hi low adapter for level towing

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hi low adapter for level towing

Postby working on it » Mon Oct 14, 2013 10:19 pm

There's another thread currently running about extensions for towing. Not wanting to hijack another thread, I'll ask my question here. In this picture from my gallery, you can see that my truck is too high for proper alignment with my trailer. 113091 I'd like to drop it about 8", without having to buy another Weight Distributing shank. The one I currently use is perfect for my wife's 20ft Palomino Puma QB trailer, and for my 18ft car hauler. I can't get any more drop from it, nor do I want to switch heights on a regular basis. I've spotted a possible quick-change adapter solution. There are hi-low adapters made for leveling towed cars (behind motorhomes), but the adverts warn "not for trailers" . If you examine this photo,
RM-048-8_1000.jpg
RM-048-8_1000.jpg (18.41 KiB) Viewed 1187 times
the hi low seems better constructed than some spindly straight extensions I've seen, and the 140lb tongue weight (even with the added force of the WD spring bar attachment) of my trailer shouldn't even be close to the 400lb tongue weight this hi low is rated for. The question is : has anyone tried this before, and with what results? I may not need that much more drop; I think 6" might be perfect, and thus less stress would be generated on it as well. I'm not a structural engineer, but a shade-tree mechanic. ????
  • 2013 HHRv,"squareback/simple" TTT, semi-offroad? 4x8, 2000+ lbs travel weight
  • featuring: 3500 lb Dexter axle w/brakes & HD leaf spring system > riding on General Grabber 27x8.5-14LT tires, LED lighting inside, A/C & heat, AGM battery 12vdc, 110vac from extended run generator onboard or park power, Coleman dual-fuel stove & Northstar lantern
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Re: hi low adapter for level towing

Postby absolutsnwbrdr » Tue Oct 15, 2013 8:05 am

I don't know why that would specifically say "not for trailers", but they do make specific rise/drop ball mounts similar to what you're showing.

Here's one for a 2" hitch, 8" drop.....

Image
https://www.etrailer.com/Ball-Mounts/Hi ... 80213.html


And if that's too much drop, here's a 6" drop....

Image
https://www.etrailer.com/Ball-Mounts/Hi ... 80240.html
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Re: hi low adapter for level towing

Postby absolutsnwbrdr » Tue Oct 15, 2013 8:14 am

Check out the "Expert" comments towards the bottom of the page (under the pictures) regarding using a tow-bar for a utility trailer.....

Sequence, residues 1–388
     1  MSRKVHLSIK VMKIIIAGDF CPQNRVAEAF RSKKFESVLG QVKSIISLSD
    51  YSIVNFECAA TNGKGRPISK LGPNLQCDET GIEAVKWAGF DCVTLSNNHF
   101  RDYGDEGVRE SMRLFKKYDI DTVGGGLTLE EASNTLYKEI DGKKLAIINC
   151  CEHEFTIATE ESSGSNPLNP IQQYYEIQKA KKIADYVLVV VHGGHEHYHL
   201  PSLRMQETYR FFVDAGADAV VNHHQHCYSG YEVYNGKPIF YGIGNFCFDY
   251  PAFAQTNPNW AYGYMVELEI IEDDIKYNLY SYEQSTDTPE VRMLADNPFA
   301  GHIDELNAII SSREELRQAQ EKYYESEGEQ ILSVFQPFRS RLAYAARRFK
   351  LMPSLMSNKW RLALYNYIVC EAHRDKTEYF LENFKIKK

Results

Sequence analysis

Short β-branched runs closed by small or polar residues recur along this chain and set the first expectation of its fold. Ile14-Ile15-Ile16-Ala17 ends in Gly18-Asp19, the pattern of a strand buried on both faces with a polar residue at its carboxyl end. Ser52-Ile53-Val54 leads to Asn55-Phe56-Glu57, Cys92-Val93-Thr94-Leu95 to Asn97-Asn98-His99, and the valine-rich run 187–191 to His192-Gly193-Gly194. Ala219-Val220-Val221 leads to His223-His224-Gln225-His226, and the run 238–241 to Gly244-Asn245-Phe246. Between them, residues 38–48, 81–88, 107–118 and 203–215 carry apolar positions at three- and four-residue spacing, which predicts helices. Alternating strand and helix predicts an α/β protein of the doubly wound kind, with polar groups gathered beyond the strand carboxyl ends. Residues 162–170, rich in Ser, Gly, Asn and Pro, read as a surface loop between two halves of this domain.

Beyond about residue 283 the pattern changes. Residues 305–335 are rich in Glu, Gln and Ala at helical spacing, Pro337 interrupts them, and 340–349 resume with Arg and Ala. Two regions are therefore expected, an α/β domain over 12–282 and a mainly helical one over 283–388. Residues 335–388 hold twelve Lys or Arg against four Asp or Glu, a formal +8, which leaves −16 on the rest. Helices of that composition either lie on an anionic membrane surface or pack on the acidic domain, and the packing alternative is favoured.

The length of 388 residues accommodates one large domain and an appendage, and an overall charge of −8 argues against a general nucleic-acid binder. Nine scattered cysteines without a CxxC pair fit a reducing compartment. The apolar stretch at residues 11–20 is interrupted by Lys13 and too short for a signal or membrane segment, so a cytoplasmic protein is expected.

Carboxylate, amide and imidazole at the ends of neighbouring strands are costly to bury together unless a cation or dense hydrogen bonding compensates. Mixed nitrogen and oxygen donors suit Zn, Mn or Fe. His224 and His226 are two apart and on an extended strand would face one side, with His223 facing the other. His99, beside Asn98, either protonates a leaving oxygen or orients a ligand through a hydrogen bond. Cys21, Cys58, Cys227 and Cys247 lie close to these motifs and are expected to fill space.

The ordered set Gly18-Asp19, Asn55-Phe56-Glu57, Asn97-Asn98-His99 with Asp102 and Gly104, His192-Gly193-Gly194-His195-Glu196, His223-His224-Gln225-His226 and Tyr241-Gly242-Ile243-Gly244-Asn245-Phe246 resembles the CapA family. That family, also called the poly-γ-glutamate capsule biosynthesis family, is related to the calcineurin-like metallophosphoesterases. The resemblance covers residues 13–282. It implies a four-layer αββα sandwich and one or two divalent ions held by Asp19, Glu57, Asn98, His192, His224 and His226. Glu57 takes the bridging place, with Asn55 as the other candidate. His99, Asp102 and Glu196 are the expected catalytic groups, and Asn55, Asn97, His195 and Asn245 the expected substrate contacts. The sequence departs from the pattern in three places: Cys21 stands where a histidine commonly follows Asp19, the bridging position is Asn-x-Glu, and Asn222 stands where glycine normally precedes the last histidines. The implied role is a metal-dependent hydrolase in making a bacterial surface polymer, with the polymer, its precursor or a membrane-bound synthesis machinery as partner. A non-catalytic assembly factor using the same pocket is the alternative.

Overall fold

https://www.etrailer.com/question-19006.html

Roadmaster is very specific that their adapters are to be used in flat-tow applications with tow bars only.


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Re: hi low adapter for level towing

Postby M C Toyer » Tue Oct 15, 2013 8:35 am

Working -

Why do you feel you need the weight distribution set-up with only 140# tongue weight?
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Re: hi low adapter for level towing

Postby Dale M. » Tue Oct 15, 2013 9:31 am

M C Toyer wrote:Working -

Why do you feel you need the weight distribution set-up with only 140# tongue weight?


That would be my first question..... #140 tongue weight is a little bit heavy but not anything to be concerned about....

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Re: hi low adapter for level towing

Postby 48Rob » Tue Oct 15, 2013 6:32 pm

I run 280 pounds tongue weight, and do not use or need a weight distribution system.

From the looks of the setup in the picture you posted, you do need a drop hitch to get the ball lower, like the ones Zach posted.
It looks also like your trailer setup and wheel location may contribute to sway/instability, if this is the case, and still is after using a drop hitch to get truck and trailer level, you might need an anti sway bar.
While the weight distribution system does by nature help control sway, the anti sway bar is much cheaper and easier to use.

In answer to your question, the adaptor would probably work, but would push the weight further back, causing potential instability and stress on your trucks hitch, and likely cost as much or more that a simple drop hitch and ball.

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Re: hi low adapter for level towing

Postby working on it » Tue Oct 15, 2013 9:26 pm

M C Toyer wrote:Working -

Why do you feel you need the weight distribution set-up with only 140# tongue weight?